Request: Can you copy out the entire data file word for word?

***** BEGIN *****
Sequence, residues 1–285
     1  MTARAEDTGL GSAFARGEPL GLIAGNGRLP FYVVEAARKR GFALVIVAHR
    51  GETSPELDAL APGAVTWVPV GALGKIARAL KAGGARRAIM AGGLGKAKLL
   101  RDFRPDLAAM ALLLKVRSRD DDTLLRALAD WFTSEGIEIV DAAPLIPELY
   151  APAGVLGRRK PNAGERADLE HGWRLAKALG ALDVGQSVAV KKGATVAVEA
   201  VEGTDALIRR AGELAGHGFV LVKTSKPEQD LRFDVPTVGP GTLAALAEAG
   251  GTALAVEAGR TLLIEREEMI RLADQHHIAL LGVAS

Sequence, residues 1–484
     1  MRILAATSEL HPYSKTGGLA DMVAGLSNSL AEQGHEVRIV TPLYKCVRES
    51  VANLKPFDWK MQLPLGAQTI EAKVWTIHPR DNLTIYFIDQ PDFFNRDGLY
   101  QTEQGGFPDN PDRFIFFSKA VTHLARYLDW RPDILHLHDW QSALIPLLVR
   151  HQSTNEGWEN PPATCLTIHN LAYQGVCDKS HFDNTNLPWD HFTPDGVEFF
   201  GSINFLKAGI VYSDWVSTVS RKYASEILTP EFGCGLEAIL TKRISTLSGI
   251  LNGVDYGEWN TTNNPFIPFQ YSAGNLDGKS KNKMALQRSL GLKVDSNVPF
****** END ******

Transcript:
Sequence, residues 1–285
     1  MTARAEDTGL GSAFARGEPL GLIAGNGRLP FYVVEAARKR GFALVIVAHR
    51  GETSPELDAL APGAVTWVPV GALGKIARAL KAGGARRAIM AGGLGKAKLL
   101  RDFRPDLAAM ALLLKVRSRD DDTLLRALAD WFTSEGIEIV DAAPLIPELY
   151  APAGVLGRRK PNAGERADLE HGWRLAKALG ALDVGQSVAV KKGATVAVEA
   201  VEGTDALIRR AGELAGHGFV LVKTSKPEQD LRFDVPTVGP GTLAALAEAG
   251  GTALAVEAGR TLLIEREEMI RLADQHHIAL LGVAS

Sequence, residues 1–484
     1  MRILAATSEL HPYSKTGGLA DMVAGLSNSL AEQGHEVRIV TPLYKCVRES
    51  VANLKPFDWK MQLPLGAQTI EAKVWTIHPR DNLTIYFIDQ PDFFNRDGLY
   101  QTEQGGFPDN PDRFIFFSKA VTHLARYLDW RPDILHLHDW QSALIPLLVR
   151  HQSTNEGWEN PPATCLTIHN LAYQGVCDKS HFDNTNLPWD HFTPDGVEFF
   201  GSINFLKAGI VYSDWVSTVS RKYASEILTP EFGCGLEAIL TKRISTLSGI
   251  LNGVDYGEWN TTNNPFIPFQ YSAGNLDGKS KNKMALQRSL GLKVDSNVPF